Getting to know the reefs when scuba diving Belize
Belize, located in Central America is not only known because of the many cultural and traditional festivities of the area but it’s also famous because it’s blessed with abundantly beautiful reefs. Not many may have heard and talked about Belize, but once you try scuba diving Belize, you’ll never be able to stop talking about the wonders of its reefs and its marine life.
So, take time to plan a vacation or a scuba diving trip to the wonderful island of Belize. Scuba diving Belize should be one of your itinerary and activities when you drop by this place, so you’ll not only enjoy the people and its lands, but the aquatic life as well.
If you go scuba diving the waters of Belize, you’ll be fascinated with the colorful and life-filled reefs, because of the many kinds and types of reefs they have, let’s learn what these are to appreciate more when we get to see them underwater.
Exploring the sea floors of Belize will let you encounter a number of reef classes, including fringing reefs, patch reefs, faroes, barrier reefs, and atolls. Learning before you meet these reefs has its advantages, so, read through and surely, after you’ll know things about these reefs, you’ll be dying to suit up and dive in.
The Fringing Reef is located at Rocky Point on the northern end of Ambergris Caye, and is found near the mainland shores so you can actually walk among the coral skeletons. The Patch Reefs range from small to big clumps of corals, and its spread widely throughout the coastal zone.
Faroe, which is commonly known as shelf atoll, is a ringed reef and mostly divided into three major areas — the outer rim, the inner lagoon, and inner patch reefs. The Barrier Reef looks like a continuous wall of coral, and has distinct zones — back reef lagoon, which are the hard corals and sea grass beds, and fore reef, which forms massive canyons called spurs and grooves, and makes an awesome diving site.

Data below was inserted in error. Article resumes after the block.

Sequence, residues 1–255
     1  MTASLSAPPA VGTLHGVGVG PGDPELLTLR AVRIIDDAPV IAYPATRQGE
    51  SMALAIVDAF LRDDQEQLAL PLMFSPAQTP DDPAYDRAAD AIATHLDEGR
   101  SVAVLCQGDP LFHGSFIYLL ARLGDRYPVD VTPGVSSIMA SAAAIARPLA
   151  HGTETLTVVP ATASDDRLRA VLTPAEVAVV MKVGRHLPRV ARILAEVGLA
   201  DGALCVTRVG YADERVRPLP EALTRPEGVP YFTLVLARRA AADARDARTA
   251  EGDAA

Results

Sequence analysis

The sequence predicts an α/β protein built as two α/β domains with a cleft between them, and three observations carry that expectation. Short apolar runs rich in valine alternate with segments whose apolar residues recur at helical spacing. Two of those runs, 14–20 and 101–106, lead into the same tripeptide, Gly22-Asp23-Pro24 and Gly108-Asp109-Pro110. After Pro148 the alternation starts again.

The Coral Atolls is composed of three Belizean atolls and is considered as the finest in the Caribbean Sea; these three atolls are — Turneffe Islands, which is the largest, has mangrove covered sand cays, Lighthouse Reef, which is the smallest, supports a diversity of living reefs, spurs and grooves, and Glover’s Reef, which is surrounded by well-defined reefs of living corals.
See, these are only the reefs, just imagine how much more you’ll see down there — the creatures and aquatic beings that reside and visit these reefs. Scuba diving Belize makes your Caribbean trip a more meaningful one, so pass by the place now and don’t forget to say “hello” to the reefs and its inhabitants. So, when you go scuba diving Belize, make sure you get to tour around the Cayes in the area so you’ll truly enjoy all the reefs underneath.
This post was curated & Posted using : RealSpecific
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